March 28, 2024

5 benefits of geotagging to enhance safety and efficiency of railway projects

Company News
March 28, 2024
Company News

Railway maintenance, renewals and enhancements occur in an inherently high-risk environment, encompassing multiple worksites, work teams and tracks, making them complex and challenging for everyone involved to know how to navigate the worksite safely.

In many instances, this has led to dangerous near-misses and accidents, resulting in disruption to the network and costly repercussions for organisations.

To help overcome these challenges, geotagging technology has been introduced to the railway industry to enhance worksite operations, line block and possession management by giving users more visibility and control over all assets and equipment. This is creating safer working environments for all of those onsite.

What is geotagging on the railway?

Geotagging is a technology which can provide information about the location of something. To take a deeper dive into this, take a look at our blog “What is Geotagging?

Geotagging technology can provide live location information of physical objects, and that’s where its use on the railway becomes beneficial. By assigning geotagging devices to assets and equipment onsite, users can get information about their real-time position at all times and get full visibility of the worksite on an online dashboard. Using geofencing, safe areas of work can be created onsite, triggering alerts when equipment leaves the safe boundaries of the worksite or possession.

The use of this technology for railway projects is helping to enhance safety and operational efficiency for Network Rail routes and its principal contractors working on the infrastructure. Let’s take a look at 5 key examples of how.

1. Geotagging helps ensure the correct placement of critical protection equipment

Unfortunately the incorrect placement of protection equipment does occur on the railway and can cause incidents which cost tens of thousands in repairs, add hours in delays, and most importantly, pose significant safety risks to those on site. In fact, according to an RAIB report, 33% of reported significant events (classed as potentially resulting in a fatality) in that year were caused by incorrect placement of protection equipment.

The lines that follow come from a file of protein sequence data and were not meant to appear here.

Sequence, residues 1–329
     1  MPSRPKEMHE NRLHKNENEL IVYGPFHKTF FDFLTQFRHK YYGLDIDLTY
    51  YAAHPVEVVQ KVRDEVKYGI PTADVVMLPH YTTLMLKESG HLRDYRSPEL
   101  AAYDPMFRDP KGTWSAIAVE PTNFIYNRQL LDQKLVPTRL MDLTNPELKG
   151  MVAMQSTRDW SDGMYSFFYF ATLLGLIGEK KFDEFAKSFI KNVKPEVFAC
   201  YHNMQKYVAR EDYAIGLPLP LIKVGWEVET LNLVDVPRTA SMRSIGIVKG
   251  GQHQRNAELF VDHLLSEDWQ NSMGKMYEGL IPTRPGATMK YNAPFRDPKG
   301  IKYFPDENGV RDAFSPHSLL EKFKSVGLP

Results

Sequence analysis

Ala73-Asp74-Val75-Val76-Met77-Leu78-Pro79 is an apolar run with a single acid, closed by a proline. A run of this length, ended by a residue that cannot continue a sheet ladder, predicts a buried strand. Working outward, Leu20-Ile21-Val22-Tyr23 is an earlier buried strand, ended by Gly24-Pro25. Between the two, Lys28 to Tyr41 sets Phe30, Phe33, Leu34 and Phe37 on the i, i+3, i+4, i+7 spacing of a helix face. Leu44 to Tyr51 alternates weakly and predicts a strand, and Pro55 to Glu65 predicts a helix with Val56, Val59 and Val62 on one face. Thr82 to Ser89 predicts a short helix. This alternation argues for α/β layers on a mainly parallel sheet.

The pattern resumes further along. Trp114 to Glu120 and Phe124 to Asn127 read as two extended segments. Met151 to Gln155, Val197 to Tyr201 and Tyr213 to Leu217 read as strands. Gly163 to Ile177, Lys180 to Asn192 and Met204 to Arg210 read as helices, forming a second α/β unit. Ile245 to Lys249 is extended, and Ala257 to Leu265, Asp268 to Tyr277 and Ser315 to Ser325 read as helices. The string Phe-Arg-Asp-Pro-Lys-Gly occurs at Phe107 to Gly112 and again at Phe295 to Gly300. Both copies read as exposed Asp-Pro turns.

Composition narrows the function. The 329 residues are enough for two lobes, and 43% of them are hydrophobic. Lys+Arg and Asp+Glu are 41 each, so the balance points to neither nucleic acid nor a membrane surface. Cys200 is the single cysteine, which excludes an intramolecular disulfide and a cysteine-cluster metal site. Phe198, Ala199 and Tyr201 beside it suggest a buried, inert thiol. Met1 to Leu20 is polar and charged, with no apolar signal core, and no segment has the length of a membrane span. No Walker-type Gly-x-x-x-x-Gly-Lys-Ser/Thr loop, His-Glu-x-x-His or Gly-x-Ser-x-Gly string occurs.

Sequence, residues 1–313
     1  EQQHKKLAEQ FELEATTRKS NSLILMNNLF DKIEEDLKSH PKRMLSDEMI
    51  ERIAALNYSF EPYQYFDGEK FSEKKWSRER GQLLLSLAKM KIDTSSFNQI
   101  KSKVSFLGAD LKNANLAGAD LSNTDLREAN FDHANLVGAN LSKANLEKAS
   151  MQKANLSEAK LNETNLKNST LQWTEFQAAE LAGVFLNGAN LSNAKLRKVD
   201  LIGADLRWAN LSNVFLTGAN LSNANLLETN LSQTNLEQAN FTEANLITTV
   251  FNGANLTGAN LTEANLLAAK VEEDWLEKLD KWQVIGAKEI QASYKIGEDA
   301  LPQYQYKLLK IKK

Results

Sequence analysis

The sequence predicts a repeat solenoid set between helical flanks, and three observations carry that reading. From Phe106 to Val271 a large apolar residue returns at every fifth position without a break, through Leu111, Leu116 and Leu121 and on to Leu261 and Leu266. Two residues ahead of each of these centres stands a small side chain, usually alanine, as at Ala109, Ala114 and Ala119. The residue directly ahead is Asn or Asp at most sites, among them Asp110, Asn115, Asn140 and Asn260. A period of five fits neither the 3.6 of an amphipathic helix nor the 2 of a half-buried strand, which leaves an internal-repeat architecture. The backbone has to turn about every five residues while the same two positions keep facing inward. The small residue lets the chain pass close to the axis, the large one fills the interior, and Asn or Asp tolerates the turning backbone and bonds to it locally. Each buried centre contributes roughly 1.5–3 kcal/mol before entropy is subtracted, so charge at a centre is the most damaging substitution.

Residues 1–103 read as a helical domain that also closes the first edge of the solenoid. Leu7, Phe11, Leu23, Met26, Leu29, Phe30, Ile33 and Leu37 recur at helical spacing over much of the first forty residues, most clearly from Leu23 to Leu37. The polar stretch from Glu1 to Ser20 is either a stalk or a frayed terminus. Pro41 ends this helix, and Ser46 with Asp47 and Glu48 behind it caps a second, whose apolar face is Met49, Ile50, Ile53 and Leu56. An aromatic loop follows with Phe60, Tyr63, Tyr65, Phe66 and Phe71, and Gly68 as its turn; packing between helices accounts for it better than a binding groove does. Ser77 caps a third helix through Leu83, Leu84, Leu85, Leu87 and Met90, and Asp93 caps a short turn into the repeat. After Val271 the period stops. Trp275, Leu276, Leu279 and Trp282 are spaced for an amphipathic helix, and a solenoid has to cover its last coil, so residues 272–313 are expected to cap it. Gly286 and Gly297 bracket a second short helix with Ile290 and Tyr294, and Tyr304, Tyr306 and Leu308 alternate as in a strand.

Geotagging can streamline possession management processes and improve compliance by helping to ensure protection equipment is placed in the correct location onsite. The technology allows users to monitor the planned versus live locations of critical protection equipment such as worksite marker boards (WSMB) and possession limit boards (PLB), reducing the reliance on paper-based plans and radio communications and helping to mitigate the risk of error.

With an online Dashboard, the boundaries of worksites and possessions can be mapped out, as well as the planned location of critical protection equipment for these safe working areas. Then when onsite, geotagging devices can be attached to the physical PLBs and WSMBs. When walking out with protection equipment, the devices would alert the moment the person placing it has reached the possession and worksite limits, allowing them to independently place this protection equipment in the correct planned locations.

Additionally, the position of detonators can be mapped out on the Dashboard. A device worn by the PICOP alerts when they exit the geofence boundaries, indicating the 20 m intervals at which the detonator needs to be placed.

On the Dashboard, a live view of this equipment will be visible to the ES and PICOP, so that they can compare planned versus live locations and ensure everything has been installed in the correct location.

2. Geotagging supports the management of multiple worksites within a possession

For larger railway projects such as renewals and enhancements, large possessions are required, which can often be very disruptive to railway operations. This is particularly true when it comes to possession overruns, which can cost tens of thousands or even millions in fines for Network Rail due to the knock-on effect this has on the industry’s timetabling. As such, it is of utmost importance for contractors delivering works for Network Rail to ensure that work is completed swiftly with possessions handed back on time.

To ensure the project is completed on time, multiple worksites are often planned within a possession to increase the volume of work that can be completed within the time scale. However, with this comes the safety risks associated with managing complex possessions, particularly where multiple vehicles are used and different engineering access is required for each worksite.

Geotagging can help support this by providing a means for monitoring all equipment onsite, helping to ensure the effective delivery of works. Geotagging devices can be assigned to specific areas of work and worksites within a possession.

Then, by attaching geotagging devices to machines such as OTP and OTM, not only can the ES and PICOP keep a constant eye on where everything is onsite on the Dashboard, but the machine controllers themselves will receive alerts when they exit the boundaries of their designated area of work or worksite within the possession.